Updated on July 24, 2020 by Asher & Lyric Fergusson
There’s hearsay, there are anecdotes from other families, and there are stories shared by the media. Then, there is hard data. We’ve gathered critical statistics from 30 trusted international sources to create the “Raising a Family Index” that will help you find the best countries for raising children in 2020.
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We ranked 35 OECD countries (Organization for Economic Co-operation and Development) around the world to see which are the best to raise a family. Our definitive “Raising a Family Index” is made up of 6 categories, comprising a total of 30 factors identifying favorable conditions for raising a family. The categories include Safety, Happiness, Cost, Health, Education, and Time.
Click the toggles below to see all our data sources, the weighting we gave to each, and a full explanation of the methodology used in our study.
- Homicide per 100,000 people (-1x weight) — Homicide is a problem that is very country-specific and not a quality that is conducive to raising a family. In most countries including in our list, homicide rates are very low. But for some like Mexico, homicides can be a common occurrence.
- Global Law & Order Index (1x weight) — Gallup’s Law and Order Index uses four questions to gauge people’s sense of personal security and their personal experiences with crime and law enforcement. These four questions are:
• In the city or area where you live, do you have confidence in the local police force?
• Do you feel safe walking alone at night in the city or area where you live?
• Within the last 12 months, have you had money or property stolen from you or another household member?
• Within the past 12 months, have you been assaulted or mugged?
- Global Peace Index (-1x weight) — The Global Peace Index (GPI) ranks 163 independent states and territories according to their level of peacefulness. Produced by the Institute for Economics and Peace (IEP), the GPI is the world’s leading measure of global peacefulness. This report presents the most comprehensive data-driven analysis to date on peace, its economic value, trends, and how to develop peaceful societies.
- Number of School Shootings Per 10 Million People (-1x weight) — There is little doubt that school shootings are a reality in America. This metric is very good indicator of the level of stress within the schools of a country and we think is very important to include in the study.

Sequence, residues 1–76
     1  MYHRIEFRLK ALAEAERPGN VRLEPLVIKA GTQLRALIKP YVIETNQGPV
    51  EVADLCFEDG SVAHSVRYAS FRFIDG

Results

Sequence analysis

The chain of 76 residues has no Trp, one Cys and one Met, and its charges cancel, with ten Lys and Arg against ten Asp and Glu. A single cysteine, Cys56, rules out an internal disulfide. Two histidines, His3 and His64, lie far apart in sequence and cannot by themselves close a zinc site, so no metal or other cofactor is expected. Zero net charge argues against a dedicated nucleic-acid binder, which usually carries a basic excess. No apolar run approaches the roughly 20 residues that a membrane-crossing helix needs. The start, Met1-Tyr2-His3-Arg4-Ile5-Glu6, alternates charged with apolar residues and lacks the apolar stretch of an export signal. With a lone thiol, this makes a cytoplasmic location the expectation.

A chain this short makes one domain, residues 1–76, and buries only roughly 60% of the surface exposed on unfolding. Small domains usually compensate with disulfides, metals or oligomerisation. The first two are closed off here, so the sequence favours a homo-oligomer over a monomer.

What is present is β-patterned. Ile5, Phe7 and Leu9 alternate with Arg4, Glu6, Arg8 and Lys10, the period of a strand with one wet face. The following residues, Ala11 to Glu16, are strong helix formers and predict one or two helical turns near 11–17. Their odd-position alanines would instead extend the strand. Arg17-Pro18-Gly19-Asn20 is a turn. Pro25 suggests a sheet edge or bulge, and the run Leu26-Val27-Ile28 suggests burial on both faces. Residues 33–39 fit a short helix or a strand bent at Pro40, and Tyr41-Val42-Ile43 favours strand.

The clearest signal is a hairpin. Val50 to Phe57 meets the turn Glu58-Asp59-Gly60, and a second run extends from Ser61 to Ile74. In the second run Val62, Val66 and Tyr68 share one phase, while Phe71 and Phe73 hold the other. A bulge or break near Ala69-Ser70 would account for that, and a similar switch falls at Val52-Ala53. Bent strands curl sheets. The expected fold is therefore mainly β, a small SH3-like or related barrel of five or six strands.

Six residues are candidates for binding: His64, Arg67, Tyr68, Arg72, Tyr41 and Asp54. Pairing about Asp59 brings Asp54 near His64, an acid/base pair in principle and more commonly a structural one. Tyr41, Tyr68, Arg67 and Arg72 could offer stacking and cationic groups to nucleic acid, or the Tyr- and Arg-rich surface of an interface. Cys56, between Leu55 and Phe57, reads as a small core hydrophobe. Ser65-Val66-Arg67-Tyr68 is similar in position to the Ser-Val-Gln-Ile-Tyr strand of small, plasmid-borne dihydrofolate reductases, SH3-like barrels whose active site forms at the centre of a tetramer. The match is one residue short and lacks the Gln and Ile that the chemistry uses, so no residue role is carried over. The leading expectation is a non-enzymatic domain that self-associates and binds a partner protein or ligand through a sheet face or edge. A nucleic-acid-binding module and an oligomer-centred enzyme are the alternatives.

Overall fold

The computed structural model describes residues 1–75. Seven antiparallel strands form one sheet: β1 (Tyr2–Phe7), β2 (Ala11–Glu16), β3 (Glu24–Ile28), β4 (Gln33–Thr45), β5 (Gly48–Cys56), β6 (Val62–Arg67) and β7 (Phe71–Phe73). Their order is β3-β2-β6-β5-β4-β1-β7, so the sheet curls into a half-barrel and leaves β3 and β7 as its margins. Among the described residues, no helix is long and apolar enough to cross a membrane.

Source: School Shootings — CNN (2018)
- Human rights (1x weight) — Human rights describe moral norms or moral standards which are understood as inalienable fundamental rights of every human person. Human rights encompass a wide variety of rights, including but not limited to the right to a fair trial, protection of physical integrity, protection against enslavement, the right to free speech, and the right to education.
This category helps to measure the overall happiness in a country as it relates to raising a family. The factors include:
- The Human Freedom Index (1x weight) — The Human Freedom Index (HFI) presents a broad measure of human freedom, understood as the absence of coercive constraint. This fifth annual index uses 76 distinct indicators of personal and economic freedom.
- World Happiness Report (1x weight) — The World Happiness Report is a landmark survey of the state of global happiness that ranks 156 countries by how happy their citizens perceive themselves to be. This year’s World Happiness Report focuses on happiness and the community: how happiness has evolved over the past dozen years, with a focus on the technologies, social norms, conflicts and government policies that have driven those changes.
- Suicide Rates per 100,000 people (-1x weight) — This factor is a good indicator of deep unhappiness within a country. In this case,suicide rates are defined as the deaths deliberately initiated and performed by a person in the full knowledge or expectation of its fatal outcome. Comparability of data between countries is affected by a number of reporting criteria, including how a person’s intention of killing themselves is ascertained, who is responsible for completing the death certificate, whether a forensic investigation is carried out, and the provisions for confidentiality of the cause of death.
Source: Suicide rates — OECD (2018)
- LGBTQ+ Adoption Recognition Laws (1x weight) — Is joint adoption and/or second-parent adoption legal in this country for same-sex parents? The recognition of both joint and second-parent adoption received full points while countries not allowing LGBTQ+ adoption received zero points.
- Distribution of Family Income Equality – GINI Index (-1x weight) — GINI index measures the degree of inequality in the distribution of family income in a country. The more nearly equal a country’s income distribution, the lower its GINI index, e.g., a Scandinavian country with an index of 25. The more unequal a country’s income distribution, the higher its GINI index, e.g., a Sub-Saharan country with an index of 50. If income were distributed with perfect equality the index would be zero; if income were distributed with perfect inequality, the index would be 100.
Source: The GINI Index — CIA.gov (2017)